Rates in European Countries are already at record lows, which could dampen the effects of ECB quantitative easing.
After the European Central Bank (ECB) spent years of waffling over whether to pursue aggressive monetary policy to counteract deflation and stagnation in Europe, action may be just around the corner. ECB President Mario Draghi’s speech at the Federal Reserve’s annual meeting of central bankers two weeks ago gave the indication that the ECB may soon begin a large-scale asset purchasing program, also known as quantitative easing (QE). But after waiting so long to begin QE – in large part due to German aversion towards the idea – the effect will likely be smaller than expected, and indeed that it would have been two years ago.
The German factor
The Euro crisis was effectively ended when Draghi gave his ‘Whatever It Takes’ speech. Afterwards, the ECB notably did not begin a round of QE, which the US, UK, and Japan had thought necessary in the same situation.
The reason lies in Germany’s longstanding aversion to inflation, which would be expected to rise under QE, and its role as most powerful Eurozone economy. It may be a stretch to call it a fear inherited from Weimar hyperinflation, but it certainly stems from German reunification and dependence on relatively low wages for export goods. Inflation and, in turn, rising wages would put a dent in German competitiveness and could shrink a point of national pride: their huge trade surplus.
The Eurozone’s separation of fiscal and monetary authorities also creates headwinds for QE. While individual countries manage their budgets and issue bonds, all monetary policy is centralized with the ECB, who must act on behalf of Portugal, Germany, and the other 16 countries in between. The gap in monetary needs between the PIIGS countries (Portugal, Italy, Ireland, Greece, Spain) and Germany means monetary policy can almost never be spot on for all countries. The ECB will face resistance for nearly any bold action it takes. That is, until even the strong German economy slows.
For most of the first half of the year, prospects for the Eurozone economy were relatively positive. The currency crisis was over and economic surveys were optimistic. When Europe’s PMI Manufacturing Indices were universally negative in August, that optimism was wiped out. Together with France’s economy joining the malaise of the PIIGS countries, the stage finally seems to be set for QE.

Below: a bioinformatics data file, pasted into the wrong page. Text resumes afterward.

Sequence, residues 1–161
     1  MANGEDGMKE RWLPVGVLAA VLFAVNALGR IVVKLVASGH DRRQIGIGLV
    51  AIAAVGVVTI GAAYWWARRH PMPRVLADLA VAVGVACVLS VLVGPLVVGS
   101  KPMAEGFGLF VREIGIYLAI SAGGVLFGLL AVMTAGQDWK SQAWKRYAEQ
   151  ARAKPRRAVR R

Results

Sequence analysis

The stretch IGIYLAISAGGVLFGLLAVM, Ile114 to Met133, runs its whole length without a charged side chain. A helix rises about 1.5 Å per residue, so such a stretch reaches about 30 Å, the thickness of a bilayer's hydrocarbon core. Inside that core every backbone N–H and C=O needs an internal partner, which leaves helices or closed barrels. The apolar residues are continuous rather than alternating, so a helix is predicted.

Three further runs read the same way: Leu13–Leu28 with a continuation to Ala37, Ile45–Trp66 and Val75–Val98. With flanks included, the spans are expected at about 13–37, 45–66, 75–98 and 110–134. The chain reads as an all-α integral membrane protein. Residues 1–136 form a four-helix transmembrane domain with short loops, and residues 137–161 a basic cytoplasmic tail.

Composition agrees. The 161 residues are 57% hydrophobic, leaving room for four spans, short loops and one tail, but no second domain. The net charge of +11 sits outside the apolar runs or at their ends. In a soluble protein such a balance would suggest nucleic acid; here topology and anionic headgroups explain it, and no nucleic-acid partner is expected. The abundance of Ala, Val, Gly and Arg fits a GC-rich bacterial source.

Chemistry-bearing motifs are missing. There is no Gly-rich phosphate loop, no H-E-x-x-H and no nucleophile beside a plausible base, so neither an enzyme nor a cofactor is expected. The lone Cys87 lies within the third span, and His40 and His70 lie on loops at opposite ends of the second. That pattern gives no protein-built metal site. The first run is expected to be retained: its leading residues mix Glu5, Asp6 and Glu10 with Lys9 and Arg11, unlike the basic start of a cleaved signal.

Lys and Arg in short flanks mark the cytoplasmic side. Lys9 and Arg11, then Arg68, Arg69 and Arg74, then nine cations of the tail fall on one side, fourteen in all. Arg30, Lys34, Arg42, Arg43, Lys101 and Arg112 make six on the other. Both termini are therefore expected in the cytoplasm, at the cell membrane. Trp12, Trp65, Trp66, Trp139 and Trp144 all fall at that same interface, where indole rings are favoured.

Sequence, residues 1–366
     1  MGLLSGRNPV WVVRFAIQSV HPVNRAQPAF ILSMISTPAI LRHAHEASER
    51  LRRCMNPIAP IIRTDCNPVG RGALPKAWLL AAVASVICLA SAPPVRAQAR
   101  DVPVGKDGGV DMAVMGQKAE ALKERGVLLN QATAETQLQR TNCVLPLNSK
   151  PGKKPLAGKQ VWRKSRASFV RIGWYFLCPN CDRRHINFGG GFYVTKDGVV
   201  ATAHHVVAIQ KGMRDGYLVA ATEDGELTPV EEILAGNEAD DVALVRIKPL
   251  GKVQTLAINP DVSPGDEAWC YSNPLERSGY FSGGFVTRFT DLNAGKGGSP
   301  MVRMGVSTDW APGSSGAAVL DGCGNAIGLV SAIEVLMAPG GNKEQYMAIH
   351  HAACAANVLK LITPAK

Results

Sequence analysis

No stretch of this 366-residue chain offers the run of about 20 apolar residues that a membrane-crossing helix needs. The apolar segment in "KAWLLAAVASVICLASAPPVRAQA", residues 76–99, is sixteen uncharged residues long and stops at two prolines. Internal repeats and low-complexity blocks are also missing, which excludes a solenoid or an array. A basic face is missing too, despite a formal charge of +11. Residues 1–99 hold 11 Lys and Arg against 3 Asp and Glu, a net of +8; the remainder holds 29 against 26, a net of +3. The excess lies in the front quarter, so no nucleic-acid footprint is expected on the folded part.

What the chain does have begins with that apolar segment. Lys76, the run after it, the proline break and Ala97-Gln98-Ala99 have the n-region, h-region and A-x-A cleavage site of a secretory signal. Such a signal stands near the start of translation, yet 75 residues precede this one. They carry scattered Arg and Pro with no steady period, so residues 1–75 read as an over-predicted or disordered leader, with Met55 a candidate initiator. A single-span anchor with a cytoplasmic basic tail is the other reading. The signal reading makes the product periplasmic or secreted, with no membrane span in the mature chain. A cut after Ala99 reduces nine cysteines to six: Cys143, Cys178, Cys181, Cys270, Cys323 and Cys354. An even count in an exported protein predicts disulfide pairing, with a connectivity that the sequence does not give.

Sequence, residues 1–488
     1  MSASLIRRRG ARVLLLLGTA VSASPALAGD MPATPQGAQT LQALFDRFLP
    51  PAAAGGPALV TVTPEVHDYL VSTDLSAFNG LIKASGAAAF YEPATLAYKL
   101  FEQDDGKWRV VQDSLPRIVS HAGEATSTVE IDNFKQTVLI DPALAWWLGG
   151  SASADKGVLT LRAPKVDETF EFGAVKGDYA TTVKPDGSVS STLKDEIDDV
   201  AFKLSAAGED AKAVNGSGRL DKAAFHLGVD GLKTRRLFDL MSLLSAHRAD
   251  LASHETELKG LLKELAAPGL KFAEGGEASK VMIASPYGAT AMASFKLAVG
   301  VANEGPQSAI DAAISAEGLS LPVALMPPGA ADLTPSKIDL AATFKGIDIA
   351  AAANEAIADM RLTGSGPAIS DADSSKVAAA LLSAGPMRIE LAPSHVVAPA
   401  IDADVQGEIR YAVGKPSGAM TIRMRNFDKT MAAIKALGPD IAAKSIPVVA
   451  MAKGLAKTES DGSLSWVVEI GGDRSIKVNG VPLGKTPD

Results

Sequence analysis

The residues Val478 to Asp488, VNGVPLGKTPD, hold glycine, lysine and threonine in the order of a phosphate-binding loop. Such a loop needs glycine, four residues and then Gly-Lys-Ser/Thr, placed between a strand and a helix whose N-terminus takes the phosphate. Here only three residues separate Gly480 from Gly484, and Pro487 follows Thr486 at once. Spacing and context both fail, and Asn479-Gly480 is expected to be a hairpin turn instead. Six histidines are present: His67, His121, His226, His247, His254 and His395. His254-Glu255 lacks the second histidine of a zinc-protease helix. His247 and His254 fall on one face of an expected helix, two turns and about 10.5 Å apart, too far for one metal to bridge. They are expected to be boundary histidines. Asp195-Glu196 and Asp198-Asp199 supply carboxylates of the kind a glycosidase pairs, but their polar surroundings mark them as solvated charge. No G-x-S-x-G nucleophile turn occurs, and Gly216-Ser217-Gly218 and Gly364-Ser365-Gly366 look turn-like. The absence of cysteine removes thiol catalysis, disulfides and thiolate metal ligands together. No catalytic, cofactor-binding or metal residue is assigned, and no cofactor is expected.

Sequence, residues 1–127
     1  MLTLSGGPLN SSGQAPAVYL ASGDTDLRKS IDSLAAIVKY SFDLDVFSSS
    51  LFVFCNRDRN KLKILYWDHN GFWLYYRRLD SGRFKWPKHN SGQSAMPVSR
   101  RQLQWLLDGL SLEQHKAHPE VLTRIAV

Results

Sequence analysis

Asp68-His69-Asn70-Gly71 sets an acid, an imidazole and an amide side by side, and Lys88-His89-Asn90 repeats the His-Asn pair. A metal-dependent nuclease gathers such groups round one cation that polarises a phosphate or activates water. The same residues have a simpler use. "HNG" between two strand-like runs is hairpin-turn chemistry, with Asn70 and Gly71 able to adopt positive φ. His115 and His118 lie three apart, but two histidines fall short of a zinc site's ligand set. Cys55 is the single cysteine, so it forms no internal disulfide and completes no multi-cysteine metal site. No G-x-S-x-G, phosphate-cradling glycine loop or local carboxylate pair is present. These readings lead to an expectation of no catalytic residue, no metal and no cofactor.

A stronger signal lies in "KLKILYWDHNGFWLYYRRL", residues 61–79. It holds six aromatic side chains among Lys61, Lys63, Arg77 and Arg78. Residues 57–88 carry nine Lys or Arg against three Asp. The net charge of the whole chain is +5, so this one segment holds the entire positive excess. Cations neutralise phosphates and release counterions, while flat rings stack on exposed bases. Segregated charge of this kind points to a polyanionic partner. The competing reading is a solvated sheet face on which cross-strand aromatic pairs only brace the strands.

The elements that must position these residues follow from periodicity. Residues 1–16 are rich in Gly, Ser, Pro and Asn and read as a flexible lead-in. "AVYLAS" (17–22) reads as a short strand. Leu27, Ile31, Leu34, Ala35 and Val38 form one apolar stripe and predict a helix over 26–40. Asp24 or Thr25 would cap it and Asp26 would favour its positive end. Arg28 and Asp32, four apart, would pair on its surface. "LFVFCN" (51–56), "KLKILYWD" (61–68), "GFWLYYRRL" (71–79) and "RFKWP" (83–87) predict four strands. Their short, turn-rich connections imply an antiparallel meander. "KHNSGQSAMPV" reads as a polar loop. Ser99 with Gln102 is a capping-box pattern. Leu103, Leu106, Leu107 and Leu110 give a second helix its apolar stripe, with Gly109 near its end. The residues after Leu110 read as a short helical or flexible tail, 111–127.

Rates So Low, QE May Not Matter
Even before Draghi’s speech on August 22, yields on two-year German bonds were negative. Investors were paying the Bundesbank for the privilege of holding German debt. Longer-term yields also were at record or near-record lows across much of Europe, including Spain, Portugal, France, and Austria. Part of the reason may be a belief that the ECB implicitly guarantees individual country’s debts, but the more recent flight to safety from political crises in Eastern Europe also contributes. Draghi’s speech has pushed yields down further, not just in Germany, but also Belgium and France.
The fact that rates were already so low before markets were teased with the potential for QE may put a low ceiling on the program’s effectiveness, since there is nearly no room for long-term rates to drop further. To see why, it is crucial to understand the mechanics of how QE stimulates the economy.
There are three main reasons why QE works: portfolio rebalancing, changing inflation expectations, and signaling of the economic situation. The largest contributor to the effectiveness of QE in the US and UK has been the portfolio rebalancing effect, according to studies by Gagnon et al (2011) and Joyce et al (2011). The portfolio rebalancing effect arises when central bank purchases of long-term bonds lower yields, causing investors to reallocate their portfolios towards riskier assets like equities. As stock prices rise, the value of investors’ portfolios increases, and if they sell them, their wealth increases, providing stimulus to the economy.
It cannot be expected that European bonds yields drop much lower than their current record lows upon the announcement of QE. If it is indeed announced by Draghi, QE will be forced to work through secondary channels, most likely future inflation expectations spurring consumer and business spending. While QE will still be effective, it will not be as effective as if rates had not already been so low.
The results could be even smaller if any QE program is diluted by the politics surrounding it. Both the US and UK programs were massive – the Federal Reserve purchased $85 billion of assets for two years during its third round of QE. If the ECB’s version of QE is too small to be effective, which may be the case if it needs to compromise with German politicians, or does not last long enough for see results, QE could be ineffective. Pushing QE to be large enough and long enough will truly take a Super Mario.